(All talks to start promptly at 6.15pm in C13)
1. The Renaissance (Friday 22nd September)
2. The High Renaissance: Leonardo, Michelangelo and Raphael (Friday 6th October)
3. The Baroque (Friday 3rd November)
4. Caravaggio (Friday 1st December)
5. Rembrandt and the Dutch 17th century (tbc)
6. The Spanish Golden Age (tbc)
7. The British 18th century (tbc)
8. Turner and Constable (tbc)
9. Impressionism and Post-Impressionism (tbc)
10. Picasso and the Modern (tbc)
11. American Expressionism (tbc)
12. Late 20th century art (tbc)
Over the course of the year, pupils will be given an overview of the development of Western art from the Renaissance through to the Modern.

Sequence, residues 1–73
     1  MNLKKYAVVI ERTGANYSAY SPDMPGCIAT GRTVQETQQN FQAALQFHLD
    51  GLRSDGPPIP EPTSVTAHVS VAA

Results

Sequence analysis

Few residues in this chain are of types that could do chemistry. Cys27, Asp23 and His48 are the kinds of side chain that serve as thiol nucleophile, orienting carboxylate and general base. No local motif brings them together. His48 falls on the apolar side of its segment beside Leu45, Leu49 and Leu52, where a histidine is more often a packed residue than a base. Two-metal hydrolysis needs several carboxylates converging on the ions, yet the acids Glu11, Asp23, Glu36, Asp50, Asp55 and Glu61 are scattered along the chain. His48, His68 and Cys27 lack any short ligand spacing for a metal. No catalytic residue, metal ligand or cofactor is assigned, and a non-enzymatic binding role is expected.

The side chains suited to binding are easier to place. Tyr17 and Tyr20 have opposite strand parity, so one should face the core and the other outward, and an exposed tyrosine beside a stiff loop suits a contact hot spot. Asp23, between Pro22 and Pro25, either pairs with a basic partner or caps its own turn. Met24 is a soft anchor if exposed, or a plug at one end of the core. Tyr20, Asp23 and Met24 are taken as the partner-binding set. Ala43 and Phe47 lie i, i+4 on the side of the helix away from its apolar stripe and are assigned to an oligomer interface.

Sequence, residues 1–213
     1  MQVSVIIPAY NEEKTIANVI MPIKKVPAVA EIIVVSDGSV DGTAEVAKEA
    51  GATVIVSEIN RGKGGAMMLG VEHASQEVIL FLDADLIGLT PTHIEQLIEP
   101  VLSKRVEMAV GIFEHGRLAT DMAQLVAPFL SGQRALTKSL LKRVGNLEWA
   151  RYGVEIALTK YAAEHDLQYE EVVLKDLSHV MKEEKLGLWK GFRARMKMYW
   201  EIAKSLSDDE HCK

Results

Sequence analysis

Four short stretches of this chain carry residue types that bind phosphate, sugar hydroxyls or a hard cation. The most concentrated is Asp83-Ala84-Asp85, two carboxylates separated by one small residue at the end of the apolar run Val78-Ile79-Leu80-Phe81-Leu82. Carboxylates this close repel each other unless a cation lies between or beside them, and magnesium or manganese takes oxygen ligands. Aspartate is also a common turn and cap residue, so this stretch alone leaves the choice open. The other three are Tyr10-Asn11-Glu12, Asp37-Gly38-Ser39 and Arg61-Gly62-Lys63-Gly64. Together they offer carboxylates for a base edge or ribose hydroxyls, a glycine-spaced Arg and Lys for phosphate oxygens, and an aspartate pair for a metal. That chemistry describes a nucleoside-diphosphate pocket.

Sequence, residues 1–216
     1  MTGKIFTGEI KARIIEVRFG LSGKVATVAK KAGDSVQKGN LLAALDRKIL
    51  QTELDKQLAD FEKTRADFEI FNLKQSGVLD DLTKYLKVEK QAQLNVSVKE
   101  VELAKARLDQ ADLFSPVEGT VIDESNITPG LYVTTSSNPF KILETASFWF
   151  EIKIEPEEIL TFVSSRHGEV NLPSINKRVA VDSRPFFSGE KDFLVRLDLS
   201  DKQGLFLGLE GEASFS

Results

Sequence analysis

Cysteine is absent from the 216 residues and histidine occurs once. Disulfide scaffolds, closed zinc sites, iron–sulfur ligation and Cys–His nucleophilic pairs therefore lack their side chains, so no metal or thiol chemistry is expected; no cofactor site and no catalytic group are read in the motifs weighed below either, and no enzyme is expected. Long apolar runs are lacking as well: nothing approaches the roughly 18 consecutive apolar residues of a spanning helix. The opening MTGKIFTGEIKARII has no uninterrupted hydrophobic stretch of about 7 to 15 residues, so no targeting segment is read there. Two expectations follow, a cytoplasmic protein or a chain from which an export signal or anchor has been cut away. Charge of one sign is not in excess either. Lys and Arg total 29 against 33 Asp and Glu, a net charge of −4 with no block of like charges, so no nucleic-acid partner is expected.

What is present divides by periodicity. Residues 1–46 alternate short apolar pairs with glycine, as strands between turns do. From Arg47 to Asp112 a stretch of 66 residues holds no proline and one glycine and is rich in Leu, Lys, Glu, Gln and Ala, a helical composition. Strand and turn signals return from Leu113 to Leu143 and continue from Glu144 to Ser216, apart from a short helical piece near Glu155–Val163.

They will learn about the main practitioners and the key developments in both style and technique that have helped to shape the development of Western art.
In doing so, pupils will understand how we got from Giotto to Picasso and the hope is that a new and exciting world will have been opened up to them, which they will be in a position to enjoy for many years to come.
Hugh Blaker (1873–1936), an Old Cranleighan, was an English artist, collector, connoisseur, dealer in Old Masters, museum curator, writer on art, and a supporter and promoter of modern British and French painters.
Blaker’s collection of essays on social problems of the day, Points for Posterity (1910), paints a detailed portrait of its author: a free thinker, open minded, opinionated, cynical, reactionary, critical, and a socialist.
The book – which in its manuscript form is titled Hints for Historians – opens:
There is no greater proof of stupidity than to be in love with your generation. Strong men are in love with the future and its manifold possibilities.